You Are What You Do.

In doing my reading for my latest rant I came upon Jenny McCarthy’s blog for the Chicago Sun Times and her post last Wednesday titled: “DO YOU KNOW WHO I AM?”+

When we identify ourselves as something like a single mom, or a child of an alcoholic, or anything we think defines us, we lose the greatest life lesson there is, which is we are just beings. We all come from the same higher source, and our bodies, along with our images, don’t move on to the afterlife for a reason — because it’s not ultimately who we are. I wrote a blog last year called “I AM.” It’s my favorite blog to date. It touches on the same subject, but I felt it was important to remind people — including myself — to not get caught up in our own identities. By separating your “self” from past labels you put on yourself, there is an amazing freedom that comes with it. You are no longer a victim or a martyr. You are just what I like to call a “light ball.”

She’s right to an extent, we should be allowed to shed off our past labels and redefine ourselves as we pass through different phases of our lives. Nobody is the same person they were decades ago; unless you’re one of those sad 40-Something’s still living with your mom and collecting action figures and playing video games all day because real life can be “so expensive.”

We all go through phases of our lives, childhood, adolescence, college/trade school, early career, parenthood, maturity, retirement and death. That’s a simplified version but you get the point.

Imagine you did something silly like… oh, I don’t know… star in some soft core porn for a men’s magazine and you’re granted the label of “Playmate Of The Year.” Would you like to be stuck with that label for the rest of your life?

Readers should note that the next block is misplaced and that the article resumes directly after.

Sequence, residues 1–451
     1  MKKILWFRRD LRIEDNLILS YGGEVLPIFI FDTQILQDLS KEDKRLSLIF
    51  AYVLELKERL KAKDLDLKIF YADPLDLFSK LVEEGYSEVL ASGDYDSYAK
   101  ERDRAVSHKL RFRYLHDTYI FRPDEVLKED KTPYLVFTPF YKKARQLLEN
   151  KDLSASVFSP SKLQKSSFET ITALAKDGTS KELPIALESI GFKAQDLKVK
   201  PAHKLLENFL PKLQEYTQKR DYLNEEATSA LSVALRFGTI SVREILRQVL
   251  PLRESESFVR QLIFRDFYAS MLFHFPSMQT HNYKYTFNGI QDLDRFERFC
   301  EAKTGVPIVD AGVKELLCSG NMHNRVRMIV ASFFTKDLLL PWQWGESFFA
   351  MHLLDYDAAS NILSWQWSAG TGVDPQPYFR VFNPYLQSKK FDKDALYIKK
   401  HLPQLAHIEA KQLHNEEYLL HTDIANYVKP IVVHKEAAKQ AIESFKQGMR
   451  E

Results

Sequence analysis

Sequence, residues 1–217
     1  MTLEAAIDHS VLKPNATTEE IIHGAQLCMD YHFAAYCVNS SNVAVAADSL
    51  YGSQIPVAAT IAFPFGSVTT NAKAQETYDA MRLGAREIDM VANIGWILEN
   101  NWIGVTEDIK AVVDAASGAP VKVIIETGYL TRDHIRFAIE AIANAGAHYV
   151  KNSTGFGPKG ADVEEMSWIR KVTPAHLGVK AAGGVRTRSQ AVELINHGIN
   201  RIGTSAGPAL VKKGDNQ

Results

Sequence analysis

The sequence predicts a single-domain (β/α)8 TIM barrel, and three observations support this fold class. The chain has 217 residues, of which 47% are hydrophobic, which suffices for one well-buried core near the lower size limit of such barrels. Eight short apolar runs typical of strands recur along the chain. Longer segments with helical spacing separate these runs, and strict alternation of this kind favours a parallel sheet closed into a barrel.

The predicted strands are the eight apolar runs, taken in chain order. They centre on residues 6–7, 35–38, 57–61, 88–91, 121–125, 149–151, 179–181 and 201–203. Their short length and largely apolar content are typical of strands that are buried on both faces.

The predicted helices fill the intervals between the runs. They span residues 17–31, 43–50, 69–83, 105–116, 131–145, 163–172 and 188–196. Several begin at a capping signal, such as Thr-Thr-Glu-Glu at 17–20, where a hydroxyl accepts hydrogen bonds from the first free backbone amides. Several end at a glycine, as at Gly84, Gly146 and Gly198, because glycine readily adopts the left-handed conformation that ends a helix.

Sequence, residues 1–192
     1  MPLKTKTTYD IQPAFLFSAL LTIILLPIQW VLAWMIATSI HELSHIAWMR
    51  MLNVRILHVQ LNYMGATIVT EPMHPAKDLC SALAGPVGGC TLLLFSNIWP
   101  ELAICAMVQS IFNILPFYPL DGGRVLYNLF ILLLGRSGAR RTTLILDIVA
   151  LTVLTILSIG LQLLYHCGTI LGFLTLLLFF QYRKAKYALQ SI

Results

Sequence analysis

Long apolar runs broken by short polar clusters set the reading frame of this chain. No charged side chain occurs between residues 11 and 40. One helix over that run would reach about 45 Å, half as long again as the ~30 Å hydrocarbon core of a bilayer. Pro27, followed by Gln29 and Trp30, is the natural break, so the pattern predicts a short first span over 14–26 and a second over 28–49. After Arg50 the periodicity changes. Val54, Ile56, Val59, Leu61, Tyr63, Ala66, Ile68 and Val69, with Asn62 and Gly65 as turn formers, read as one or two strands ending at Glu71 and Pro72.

I wouldn’t, but I’m a man and who wants to see me topless, anyway?

If you want to move past that phase of your life, good luck because there are going to be people like news reporters and columnists will always refer to that person as a former Playmate, period. It’ll be the first line in her obituary.

Same holds true for other people who have been accused of doing other things. When Richard Nixon died, the articles basically wrote themselves; “Richard Milhous Nixon was the 37th President of the United States, serving from 1969 to 1974, when he became the only president to resign the office” (Source: Wikipedia.)

When Bill Clinton dies, the first thing that will be mentioned in his obituary will be the Monica Lewinsky scandal. When Gene Roddenberry died he was remembered first and foremost as the creator or “Star Trek.” When I’m dead the first sentence in my obituary will be…


In many of the books that I’ve been reading (via Audible and Kindle) such as “Art And Fear” (1) and “Do The Work,”(2) I keep encountering the same theme; you are what you do. If you create graphic design, you’re a graphic designer. If you write, you’re a writer. If you’re a painter, you paint. It’s like the old adage; if it walks like a duck, it swims like a duck, and quack’s like a duck it’s a safe bet it isn’t a horse.

We are the sum total of all the choices we’ve made in our lives. We are all the good choices we made, all the bad mistakes we’ve made, and even the moments of inaction and indecision. We are all the things we’ve done and left undone.

In short, we are what we do. I am what I do and what I’ve done. I am a writer and a graphic designer. She’s a woman who takes off her clothes for money when she’s not writing books about junk science or her personal life.

If you want to be remembered for something, then get busy doing it now. Figure out who you really want to be and make it happen while at the same time acknowledge the fact that some people can’t and won’t let go of the things in the past. Usually it’s because they have junk in their own past they’re trying to hide.

“Art And Fear” by David Bayles and Ted Orland
“Do the Work” by Steven Pressfield


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